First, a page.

A clear face shield provides a face-covering alternative that facilitates interpersonal communication skills by permitting visibility of one’s face and all the information that can be conveyed with facial expressions and lip movement. When asking questions about meal selection and ordering food, more than likely the two parties are not known to each other. For a positive experience, communication must be efficient and clear. Susan Krauss Whitbourne Ph.D., a professor emerita of psychological and brain sciences at the University of Massachusetts Amherst wrote in a Psychology Today blog post, “In a time when nearly everyone is wearing some type of lower facial covering, you’re left with the need to determine how the people around you are feeling with very limited cues.” The ability to see another’s face is significant in the first stages of communication between two people unfamiliar to each other. A study published in the Journal of Natural Science, Biology, and Medicine, Vol. 3, 2012 focused on the concept of mirror neurons – which facilitate communication between two people. The phenomenon of mirror neurons is when you see a person take an action or express an emotion, and as a result, your brain fires the same neurons associated with that action or emotion. In other words, when a conversation partner imparts feelings of warmth and trust through facial expressions and lip movement, a part of your brain sends a message for you to do the same. This is how immediate trust can be built between two strangers. This is also conveyed by Albert Mehrabian Ph.D., a major figure in the study of non-verbal communication, in his book Silent Messages in which he proffered that a total feeling between two people equaled 7% verbal feeling + 38% vocal feeling + 55% facial feeling. Simply put, one’s facial expression will always dominate and determine the impact of the total message between two parties. In an environment where face coverings are required, a face shield is the clear choice for the most effective communication.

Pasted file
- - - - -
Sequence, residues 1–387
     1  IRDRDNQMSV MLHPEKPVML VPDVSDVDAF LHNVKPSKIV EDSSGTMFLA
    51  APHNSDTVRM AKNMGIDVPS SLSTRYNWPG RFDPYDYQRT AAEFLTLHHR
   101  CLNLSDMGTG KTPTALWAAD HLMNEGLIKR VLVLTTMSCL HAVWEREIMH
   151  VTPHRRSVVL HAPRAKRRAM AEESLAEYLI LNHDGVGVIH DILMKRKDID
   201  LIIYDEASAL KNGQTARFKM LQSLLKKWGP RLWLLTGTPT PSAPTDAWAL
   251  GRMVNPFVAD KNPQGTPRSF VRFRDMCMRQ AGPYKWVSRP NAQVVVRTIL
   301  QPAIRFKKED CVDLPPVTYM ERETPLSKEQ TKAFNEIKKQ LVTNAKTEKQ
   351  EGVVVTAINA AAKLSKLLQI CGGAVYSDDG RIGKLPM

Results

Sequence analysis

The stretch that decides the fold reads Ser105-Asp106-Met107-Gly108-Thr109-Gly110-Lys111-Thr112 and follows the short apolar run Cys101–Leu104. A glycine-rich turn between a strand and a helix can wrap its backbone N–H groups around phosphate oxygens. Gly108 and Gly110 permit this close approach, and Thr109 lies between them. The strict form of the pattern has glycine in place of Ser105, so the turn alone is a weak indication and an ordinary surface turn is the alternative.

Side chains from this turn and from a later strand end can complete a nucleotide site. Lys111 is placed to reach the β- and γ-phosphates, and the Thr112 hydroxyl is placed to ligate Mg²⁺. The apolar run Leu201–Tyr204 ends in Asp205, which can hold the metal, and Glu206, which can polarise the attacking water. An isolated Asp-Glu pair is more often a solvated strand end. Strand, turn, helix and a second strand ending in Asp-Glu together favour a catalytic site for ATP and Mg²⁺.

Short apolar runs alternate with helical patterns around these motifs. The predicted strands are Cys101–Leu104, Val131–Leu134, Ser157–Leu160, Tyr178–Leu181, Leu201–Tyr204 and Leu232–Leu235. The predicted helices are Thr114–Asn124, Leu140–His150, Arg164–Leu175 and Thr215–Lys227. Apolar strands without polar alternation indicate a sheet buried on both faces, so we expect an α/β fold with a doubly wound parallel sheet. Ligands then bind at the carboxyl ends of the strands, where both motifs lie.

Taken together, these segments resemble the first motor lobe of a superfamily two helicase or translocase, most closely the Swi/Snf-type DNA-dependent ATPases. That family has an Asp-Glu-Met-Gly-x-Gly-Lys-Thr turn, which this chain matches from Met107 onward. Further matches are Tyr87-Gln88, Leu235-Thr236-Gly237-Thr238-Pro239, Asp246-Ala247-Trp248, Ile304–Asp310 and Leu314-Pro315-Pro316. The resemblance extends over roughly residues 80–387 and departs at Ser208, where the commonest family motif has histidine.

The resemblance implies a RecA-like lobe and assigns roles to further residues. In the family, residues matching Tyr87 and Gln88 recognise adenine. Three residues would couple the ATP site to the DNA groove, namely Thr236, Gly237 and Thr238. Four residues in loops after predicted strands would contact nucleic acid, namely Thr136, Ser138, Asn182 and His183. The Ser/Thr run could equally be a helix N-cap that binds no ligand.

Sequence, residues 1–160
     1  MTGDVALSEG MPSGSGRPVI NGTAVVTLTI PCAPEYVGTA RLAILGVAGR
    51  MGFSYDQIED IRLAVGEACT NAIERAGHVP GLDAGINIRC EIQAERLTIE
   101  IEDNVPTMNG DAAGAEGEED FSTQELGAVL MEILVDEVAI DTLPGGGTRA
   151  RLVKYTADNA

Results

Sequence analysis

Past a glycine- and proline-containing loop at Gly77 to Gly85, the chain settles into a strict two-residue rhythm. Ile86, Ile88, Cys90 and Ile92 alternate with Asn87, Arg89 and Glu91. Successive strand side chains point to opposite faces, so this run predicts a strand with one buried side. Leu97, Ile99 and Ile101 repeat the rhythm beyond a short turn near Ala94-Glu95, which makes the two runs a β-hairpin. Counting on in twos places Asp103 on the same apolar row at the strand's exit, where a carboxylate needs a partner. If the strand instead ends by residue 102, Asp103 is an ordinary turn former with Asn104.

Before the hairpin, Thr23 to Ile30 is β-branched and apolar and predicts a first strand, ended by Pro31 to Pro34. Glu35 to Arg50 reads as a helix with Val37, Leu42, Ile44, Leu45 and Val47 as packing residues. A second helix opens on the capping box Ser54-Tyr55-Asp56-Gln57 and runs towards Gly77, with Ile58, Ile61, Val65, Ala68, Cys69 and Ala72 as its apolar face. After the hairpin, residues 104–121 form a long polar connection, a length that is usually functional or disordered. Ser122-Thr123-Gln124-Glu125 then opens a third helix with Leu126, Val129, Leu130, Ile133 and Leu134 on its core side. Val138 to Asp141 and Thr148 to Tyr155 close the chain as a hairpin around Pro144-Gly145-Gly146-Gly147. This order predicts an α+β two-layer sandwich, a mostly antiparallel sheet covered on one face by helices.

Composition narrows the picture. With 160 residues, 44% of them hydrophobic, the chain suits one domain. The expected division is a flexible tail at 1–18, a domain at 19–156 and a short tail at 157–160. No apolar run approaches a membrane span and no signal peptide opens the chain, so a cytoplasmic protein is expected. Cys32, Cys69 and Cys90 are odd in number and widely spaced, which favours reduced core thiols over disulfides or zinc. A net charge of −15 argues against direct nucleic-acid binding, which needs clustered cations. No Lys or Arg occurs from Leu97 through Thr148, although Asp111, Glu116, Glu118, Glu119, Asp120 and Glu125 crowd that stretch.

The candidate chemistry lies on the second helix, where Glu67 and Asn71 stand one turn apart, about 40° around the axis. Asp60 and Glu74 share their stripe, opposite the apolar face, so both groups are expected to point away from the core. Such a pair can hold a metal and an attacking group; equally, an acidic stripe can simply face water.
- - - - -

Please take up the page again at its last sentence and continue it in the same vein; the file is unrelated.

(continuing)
Cap Guard facilitates brand messaging